Scathing critiques of mandated reporting laws, Child Protective Services have ‘little basis in reality,’ say child welfare services experts

Efforts to improve Child Protective Services (CPS) would be more effective if they were based on evaluations of available data instead of assertions that are not supported by evidence, say child welfare services experts Brett Drake, Ph.D., and Melissa Jonson-Reid, Ph.D.

“Scathing critiques” of mandated reporting laws and Child Protective Services are unfounded, say two child welfare services experts.

All states have mandated reporting laws that compel specific people, usually CPS staff and helping professionals, to report suspected instances of child maltreatment.

These mandated reporting laws have generated complaints and controversy, and the current child welfare system is being questioned by a fairly small but vocal group of people, including some professionals who have asserted that current mandated reporting laws may do more harm than good.

“While there is no doubt that the current child welfare system has flaws, we can find little empirical data supporting the scathing critiques of mandated reporting laws and CPS,” say Drake and Jonson-Reid, professors of social work at Washington University in St. Louis.

“We now have enough empirical evidence to scientifically evaluate many longstanding criticisms of CPS, and many of those criticisms appear to be without basis in reality.”

CPS exist in every state and are responsible for responding to and dealing with reports of child maltreatment. These agencies handle investigations and provide services such as providing foster care and finding adoptive homes for children.

Drake and Jonson-Reid reviewed national-level empirical data such as the Department of Health and Human Services Child Maltreatment 2003 report and the American Humane Association’s National Analysis of Official Child Abuse Neglect Reporting: 1977. The researchers used such information from the last three decades to examine the following criticisms:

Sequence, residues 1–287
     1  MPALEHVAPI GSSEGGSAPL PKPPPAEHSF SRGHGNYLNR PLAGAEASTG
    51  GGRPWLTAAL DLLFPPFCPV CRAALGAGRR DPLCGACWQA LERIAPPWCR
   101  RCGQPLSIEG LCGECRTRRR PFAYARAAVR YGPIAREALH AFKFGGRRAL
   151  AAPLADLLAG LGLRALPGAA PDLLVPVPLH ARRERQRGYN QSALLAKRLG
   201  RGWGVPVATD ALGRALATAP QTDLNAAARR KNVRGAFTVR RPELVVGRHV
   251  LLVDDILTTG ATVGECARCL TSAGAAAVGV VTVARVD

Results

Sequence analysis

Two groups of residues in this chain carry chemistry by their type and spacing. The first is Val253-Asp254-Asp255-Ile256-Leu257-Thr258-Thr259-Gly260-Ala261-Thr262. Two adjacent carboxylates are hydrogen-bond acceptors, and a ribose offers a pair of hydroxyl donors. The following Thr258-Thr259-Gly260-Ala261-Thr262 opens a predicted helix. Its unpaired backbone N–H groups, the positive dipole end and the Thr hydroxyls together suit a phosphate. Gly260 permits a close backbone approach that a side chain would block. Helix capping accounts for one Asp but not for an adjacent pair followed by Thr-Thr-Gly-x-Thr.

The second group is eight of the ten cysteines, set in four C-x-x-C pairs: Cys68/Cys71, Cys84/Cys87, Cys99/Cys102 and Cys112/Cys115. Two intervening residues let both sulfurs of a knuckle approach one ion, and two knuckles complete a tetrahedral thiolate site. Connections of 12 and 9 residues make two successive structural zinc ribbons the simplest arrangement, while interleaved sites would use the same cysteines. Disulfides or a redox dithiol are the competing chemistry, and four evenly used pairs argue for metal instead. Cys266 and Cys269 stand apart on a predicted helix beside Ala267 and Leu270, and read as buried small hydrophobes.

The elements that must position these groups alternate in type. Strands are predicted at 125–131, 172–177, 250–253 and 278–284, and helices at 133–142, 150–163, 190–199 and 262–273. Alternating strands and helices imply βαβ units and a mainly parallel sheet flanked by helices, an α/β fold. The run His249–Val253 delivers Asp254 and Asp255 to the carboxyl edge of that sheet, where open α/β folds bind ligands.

Conventional Wisdom: CPS is overwhelmed by investigative functions.

What the data show: “Given funding allocations and reports from workers of how they spend their time, it would appear impossible that CPS agencies are using over 20% of their resources on screening, intake, and investigative functions,” respond Drake and Jonson-Reid.

“If required, the most defensible estimate of agency resources devoted to intake and investigations would be in the 5-10% range. The available data suggest that CPS agencies invest a small portion of their workers’ time in investigative functions compared to other functions, particularly the administration of foster care.”

Conventional Wisdom: CPS is unable to provide services beyond the initial investigation.

What the data show: “The data here are unambiguous,” says Drake and Jonson-Reid. “Several federal reports clearly show frequent post-investigation services to help children and their families. It is a core area of agency functioning.”

Conventional Wisdom: Clients and professional care providers view CPS in a negative light and see CPS’ services as being intrusive and ineffective. The mandated reporting system is seen by some psychotherapists as an unreasonable burden.

What the data show: The researchers note that a variety of studies have found that about two-thirds to three-quarters of CPS clients are satisfied with the investigation process and services received.

“From the client’s perspective, the common and much-repeated assertion that CPS is viewed negatively and is harmful to most families, is simply wrong,” say Drake and Jonson-Reid, who are both members of the Center for Mental Health Services Research at WUSTL’s George Warren Brown School of Social Work.

“Similarly, we found that mental health service providers do not generally see CPS interventions in a negative light. Studies do indicate that in some cases treatment disruption occurs, but professionals also endorse mandated reporting laws, and report that filing child maltreatment reports does more good than harm to the therapeutic process.”

Overall, Drake and Jonson-Reid’s work suggests that many concerns about the current mandated reporting system are unfounded, and that there appears to be no evidence suggesting that current reporting requirements be abandoned.

Drake and Jonson-Reid’s analysis is part of an article titled “A Response to Melton Based on the Best Available Data,” published in the current issue of the international journal Child Abuse & Neglect.

Editor’s note: Professors Drake and Jonson-Reid are available for live or taped interviews using Washington University’s free VYVX or ISDN lines.